Yay! I finally finished another part of sweet Baby G’s nursery. I can’t wait to get it all done and do the final reveal. Now that she’s sleeping in there, I’m really excited to get it finished and looking put together.
Can I just say that it takes 10 times as long to do a project with a newborn? Cause I just need to tell somebody that. When Miss A was born I didn’t have a blog or do many DIY projects. I was employed full-time outside the home and thoroughly enjoyed a full 3 months of maternity leave to do nothing but cuddle a newborn. Dare I say, I was bored then?
This time around is much different. I am a work-at-home mom with a preschooler and a newborn. I have no time to do anything but survive around here. Somedays I look around and think, if we can just stay home and make it through another day alive, well, fed and warm, then I’ll call it a success. We’ve had many successful days around here. Set the bar low, people.
OK, so this rug. I loved the swiss cross rug in the vision board I put together. But I didn’t want to spend the cashola. So, I found a much cheaper solution with the same stylish impact. Ace Hardware challenged us to break the rules with our post this month. Is there a rule out there that you can’t paint a rug? Well, if there is, then I broke it. Whether or not it’s a rule, it’s definitely an unconventional way of covering your floors. 🙂 I thought it would be a great way to DIY a fun pattern for the nursery!
What you’ll need:
– Drop cloth (I got a 12 x 9 foot drop cloth and folded it in half to make a 9 x 6 rug.)
– Super 77 Spray Adhesive
– Paint (I used Whisper Softly from Ace Hardware’s Valspar paint line.)
– Purdy paint brush
– Frog tape
Step 1 – Prep.
You’ll want to wash and dry. That will make sure that if you ever need to wash it, which I’m sure you will, it won’t shrink on you. Then iron the heck out of it. My mom ironed mine while I took a nap. Thanks mom!
Step 2 – Fold it in half.
I highly recommend having someone help you with this step and the next two. My mom and I folded the drop cloth in half and matched up the corners and sides as best we could. (Like I said, I got a 12 x 9 foot drop cloth and folded it in half to make a 9 x 6 rug.) Since drop cloths don’t exactly have straight edges, just do the best you can. Then we pinned the sides and about 6 inches from the folded seam. And then we ironed the folded seam. This was key for the next step. Thanks Mom for being a hand model.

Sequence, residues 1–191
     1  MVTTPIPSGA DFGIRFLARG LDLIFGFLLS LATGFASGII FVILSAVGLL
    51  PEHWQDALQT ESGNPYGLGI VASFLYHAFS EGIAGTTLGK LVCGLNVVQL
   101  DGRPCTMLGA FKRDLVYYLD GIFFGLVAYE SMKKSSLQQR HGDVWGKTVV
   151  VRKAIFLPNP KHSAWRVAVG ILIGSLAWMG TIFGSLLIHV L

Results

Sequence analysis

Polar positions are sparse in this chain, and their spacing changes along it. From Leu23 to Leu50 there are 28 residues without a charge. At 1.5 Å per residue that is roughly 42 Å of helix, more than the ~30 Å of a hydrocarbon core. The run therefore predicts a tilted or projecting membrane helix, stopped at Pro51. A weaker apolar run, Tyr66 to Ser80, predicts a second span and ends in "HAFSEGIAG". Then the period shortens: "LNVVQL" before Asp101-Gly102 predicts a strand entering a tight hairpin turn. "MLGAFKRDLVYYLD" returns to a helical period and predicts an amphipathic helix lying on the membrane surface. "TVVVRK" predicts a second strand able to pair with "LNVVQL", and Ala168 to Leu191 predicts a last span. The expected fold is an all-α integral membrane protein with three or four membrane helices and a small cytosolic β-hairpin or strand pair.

Step 3 – Spray adhesive.
We took the folded drop cloth outside and laid it down in the garage. Lucky for us it wasn’t too cold outside last weekend. We had spread out a sheet and some newspapers to put under the drop cloth. This kept us from getting spray adhesive on the garage floor, which I imagine would have been a sticky disaster. And it kept our drop cloth from getting dirty. We opened up the folded drop cloth and sprayed the adhesive all over one side of the drop cloth. It I had it to do over again, I would have sprayed both sides, but you live and learn.
Step 4 – This is tricky. Stick the two sides together.
Once I had sufficiently sprayed one side, we carefully laid down the top side over the bottom. This step definitely needed two people. We started in the middle and made sure to press out any wrinkles as we went along. Sometimes we had to pull the sides apart and start a section over, but nothing too bad. The wrinkles you see in the picture above were from the sheet underneath.
I can’t imagine doing this one by myself. I would have pulled my hair out.
Step 5 – Plan your design.